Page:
How old is “old”?

One of the things that causes AgeTech companies like Kraydel difficulty, is how to refer to the very people whom we are trying to assist. Are they “the elderly”, “elders”, “seniors”, “old people”, “the aged”, “geriatrics” or something else?

In the US the term “seniors” has some currency and does not seem to be offensive. But in the rest of the English speaking world, it’s less used. The term “elder”, which we at Kraydel often use, can have connotations of a role in a religious order. “Elderly” and “old” and similar terms just seem a slightly rude way of referring to age-tech users.

To a care home they may be “residents”, and to a domiciliary care provider they may be “service users” or “clients.” But while these terms are professional they only work in a very specific context.

For a while our internal term was “GRAMPA”, but this was our acronym for “Geriatric Receiving Additional Monitoring and Personal Assistance.” Our AgeTech test room is referred to as “Granny’s room” – because it’s furnished like the bedroom of an elderly woman. And while my associations with the words “Granny” and “Grandad” are all strong and positive others might find the terms patronising. So we’re a little stuck here (suggestions welcome). But it brings me to the title of his item. How old is “old”? What is the “age” to which “age-tech” refers?

I’m 58 and like most of my contemporaries, I’m pretty active. I ride my bike around 200km per week. I go on hill walks, play badminton and make a point of walking upstairs (well up to 3 floors anyway). My parents and their peers did none of these things. My father was thin but he smoked and when I was in my teens he wouldn’t have had the breath to play football, come on a bike ride with me, let alone march up a nearby hill to take in the view. It didn’t seem odd – that’s just how “parents” were back then. So by today’s standards, he was old in his 50s and when he retired in his 60s, like many people he expected to spend most of his time sitting about reading and watching TV with some light childminding thrown in. But I’ll not regard myself as “old” until (hopefully) I reach 70 or more, and I’ll only stop being active if/when my body forces me to, rather than because a societal norm says that I’m “done”. And even then, in my head, I may well still not see myself as “old” although I’ll understand why everyone else is now applying that label to me.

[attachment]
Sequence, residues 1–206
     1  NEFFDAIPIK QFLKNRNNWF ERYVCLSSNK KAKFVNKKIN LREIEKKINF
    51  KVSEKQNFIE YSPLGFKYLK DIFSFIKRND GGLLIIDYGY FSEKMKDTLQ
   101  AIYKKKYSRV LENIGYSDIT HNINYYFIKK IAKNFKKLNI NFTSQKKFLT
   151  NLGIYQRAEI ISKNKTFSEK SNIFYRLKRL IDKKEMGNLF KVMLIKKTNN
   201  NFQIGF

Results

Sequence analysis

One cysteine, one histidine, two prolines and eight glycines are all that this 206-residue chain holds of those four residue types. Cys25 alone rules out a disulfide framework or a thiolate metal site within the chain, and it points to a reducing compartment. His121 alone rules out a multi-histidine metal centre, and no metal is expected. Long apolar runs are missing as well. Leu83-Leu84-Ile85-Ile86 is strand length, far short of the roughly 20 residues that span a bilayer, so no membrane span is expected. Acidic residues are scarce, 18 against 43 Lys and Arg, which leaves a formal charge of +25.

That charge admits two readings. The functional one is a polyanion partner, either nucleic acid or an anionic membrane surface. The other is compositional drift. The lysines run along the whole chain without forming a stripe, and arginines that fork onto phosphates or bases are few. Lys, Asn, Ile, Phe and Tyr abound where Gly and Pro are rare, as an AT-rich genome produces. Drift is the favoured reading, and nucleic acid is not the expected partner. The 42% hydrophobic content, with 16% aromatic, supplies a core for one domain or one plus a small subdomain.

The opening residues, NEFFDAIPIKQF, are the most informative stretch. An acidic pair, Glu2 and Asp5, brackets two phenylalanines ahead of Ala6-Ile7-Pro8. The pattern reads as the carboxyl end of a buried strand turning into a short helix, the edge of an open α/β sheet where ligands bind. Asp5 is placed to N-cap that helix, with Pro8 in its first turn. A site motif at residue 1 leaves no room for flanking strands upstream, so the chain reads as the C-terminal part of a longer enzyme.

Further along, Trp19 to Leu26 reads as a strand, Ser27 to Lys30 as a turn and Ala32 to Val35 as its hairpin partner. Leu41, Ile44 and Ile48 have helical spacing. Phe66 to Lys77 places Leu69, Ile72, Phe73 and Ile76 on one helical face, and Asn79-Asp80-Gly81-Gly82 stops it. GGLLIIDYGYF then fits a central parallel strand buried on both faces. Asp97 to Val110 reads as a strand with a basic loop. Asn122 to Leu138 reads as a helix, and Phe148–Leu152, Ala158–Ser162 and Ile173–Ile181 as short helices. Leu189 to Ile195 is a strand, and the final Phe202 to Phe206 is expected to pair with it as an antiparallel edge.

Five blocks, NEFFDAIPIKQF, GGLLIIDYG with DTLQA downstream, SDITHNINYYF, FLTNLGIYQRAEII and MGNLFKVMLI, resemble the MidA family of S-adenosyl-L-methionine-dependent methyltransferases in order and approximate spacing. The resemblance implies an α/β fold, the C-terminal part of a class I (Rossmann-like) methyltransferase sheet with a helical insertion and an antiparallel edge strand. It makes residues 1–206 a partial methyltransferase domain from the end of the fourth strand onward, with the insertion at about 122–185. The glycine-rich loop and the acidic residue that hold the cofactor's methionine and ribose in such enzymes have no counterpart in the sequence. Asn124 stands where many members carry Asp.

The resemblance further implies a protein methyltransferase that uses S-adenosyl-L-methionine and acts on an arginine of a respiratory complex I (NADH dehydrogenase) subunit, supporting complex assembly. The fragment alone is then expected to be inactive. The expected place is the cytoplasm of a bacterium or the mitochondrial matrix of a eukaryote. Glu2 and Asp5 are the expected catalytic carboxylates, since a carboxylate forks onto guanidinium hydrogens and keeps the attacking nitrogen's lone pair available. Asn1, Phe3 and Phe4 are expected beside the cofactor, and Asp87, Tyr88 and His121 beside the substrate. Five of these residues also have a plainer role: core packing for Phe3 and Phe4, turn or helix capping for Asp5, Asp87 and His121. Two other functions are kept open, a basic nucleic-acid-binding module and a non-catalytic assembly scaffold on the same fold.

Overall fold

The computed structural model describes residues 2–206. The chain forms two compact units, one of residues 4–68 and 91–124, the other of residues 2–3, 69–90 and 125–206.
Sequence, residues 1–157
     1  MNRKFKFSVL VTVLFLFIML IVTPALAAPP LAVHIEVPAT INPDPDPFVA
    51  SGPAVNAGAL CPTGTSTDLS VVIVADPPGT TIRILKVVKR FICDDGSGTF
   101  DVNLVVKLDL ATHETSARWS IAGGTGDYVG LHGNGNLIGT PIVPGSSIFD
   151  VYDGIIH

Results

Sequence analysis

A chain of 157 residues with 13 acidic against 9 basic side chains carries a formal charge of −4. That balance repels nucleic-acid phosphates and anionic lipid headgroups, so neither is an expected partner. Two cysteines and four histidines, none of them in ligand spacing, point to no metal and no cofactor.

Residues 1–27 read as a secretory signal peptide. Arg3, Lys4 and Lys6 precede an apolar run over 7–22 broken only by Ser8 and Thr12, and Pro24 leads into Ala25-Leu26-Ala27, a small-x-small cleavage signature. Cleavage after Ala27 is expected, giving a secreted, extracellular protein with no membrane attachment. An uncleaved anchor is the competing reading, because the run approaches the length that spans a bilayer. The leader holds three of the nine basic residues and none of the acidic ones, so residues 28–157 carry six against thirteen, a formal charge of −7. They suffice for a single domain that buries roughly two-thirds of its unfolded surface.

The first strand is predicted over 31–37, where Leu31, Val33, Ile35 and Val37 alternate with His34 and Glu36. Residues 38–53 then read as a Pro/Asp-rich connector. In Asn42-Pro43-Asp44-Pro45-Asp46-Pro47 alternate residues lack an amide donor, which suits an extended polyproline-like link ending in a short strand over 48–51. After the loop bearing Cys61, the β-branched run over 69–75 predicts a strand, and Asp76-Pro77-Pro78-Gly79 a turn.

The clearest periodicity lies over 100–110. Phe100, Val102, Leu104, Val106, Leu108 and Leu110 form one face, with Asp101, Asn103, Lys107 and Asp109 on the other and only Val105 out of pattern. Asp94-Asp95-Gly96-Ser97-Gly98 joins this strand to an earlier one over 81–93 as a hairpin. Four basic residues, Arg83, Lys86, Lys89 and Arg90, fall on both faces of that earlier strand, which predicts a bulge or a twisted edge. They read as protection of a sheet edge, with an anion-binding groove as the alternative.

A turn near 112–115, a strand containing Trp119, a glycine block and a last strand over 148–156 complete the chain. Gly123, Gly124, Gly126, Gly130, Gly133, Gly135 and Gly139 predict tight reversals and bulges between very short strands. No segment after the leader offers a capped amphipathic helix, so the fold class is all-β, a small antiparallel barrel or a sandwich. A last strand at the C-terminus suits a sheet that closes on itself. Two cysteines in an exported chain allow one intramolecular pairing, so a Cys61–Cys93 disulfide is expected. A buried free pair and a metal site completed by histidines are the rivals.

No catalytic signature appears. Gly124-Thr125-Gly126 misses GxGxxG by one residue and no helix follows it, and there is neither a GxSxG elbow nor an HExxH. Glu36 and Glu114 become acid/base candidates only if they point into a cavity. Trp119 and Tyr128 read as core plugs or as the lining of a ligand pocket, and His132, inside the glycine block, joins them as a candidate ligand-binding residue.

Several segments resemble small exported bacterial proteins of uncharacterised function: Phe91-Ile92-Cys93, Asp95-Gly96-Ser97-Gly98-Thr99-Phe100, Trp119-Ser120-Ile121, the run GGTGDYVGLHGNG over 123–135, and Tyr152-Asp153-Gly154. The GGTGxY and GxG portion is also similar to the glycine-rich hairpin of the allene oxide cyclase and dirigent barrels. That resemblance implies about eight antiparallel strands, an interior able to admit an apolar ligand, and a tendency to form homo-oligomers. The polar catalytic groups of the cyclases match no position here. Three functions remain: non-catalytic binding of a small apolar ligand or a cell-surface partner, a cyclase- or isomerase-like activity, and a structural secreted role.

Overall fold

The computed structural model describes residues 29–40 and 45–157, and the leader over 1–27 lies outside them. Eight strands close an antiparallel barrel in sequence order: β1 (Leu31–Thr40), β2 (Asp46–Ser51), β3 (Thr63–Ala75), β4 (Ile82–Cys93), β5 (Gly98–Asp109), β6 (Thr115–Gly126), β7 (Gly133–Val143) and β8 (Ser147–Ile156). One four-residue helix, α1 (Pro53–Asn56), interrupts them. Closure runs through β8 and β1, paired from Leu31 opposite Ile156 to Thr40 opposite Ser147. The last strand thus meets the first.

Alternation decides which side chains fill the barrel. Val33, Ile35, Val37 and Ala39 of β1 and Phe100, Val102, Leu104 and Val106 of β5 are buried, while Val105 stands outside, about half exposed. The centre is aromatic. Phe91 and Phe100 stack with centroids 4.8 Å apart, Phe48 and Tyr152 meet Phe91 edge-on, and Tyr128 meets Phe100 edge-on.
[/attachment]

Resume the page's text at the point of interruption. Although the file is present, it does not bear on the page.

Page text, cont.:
Two years ago, on a call with some developers in Sri Lanka, I asked them what age they regarded as “old” and after some discussion, they suggested 55 (and I was 56 at the time, hence a little depressing to hear) so it varies from country to country.

The effects of aging are very variable – my mother’s older sister was (and still is) walking to the shops and church, and getting on and off buses at the age of 91, while my mother had limited mobility from 85 onwards. My mother could hear pretty well up until she died, whereas my aunt was quite deaf from her mid-80s.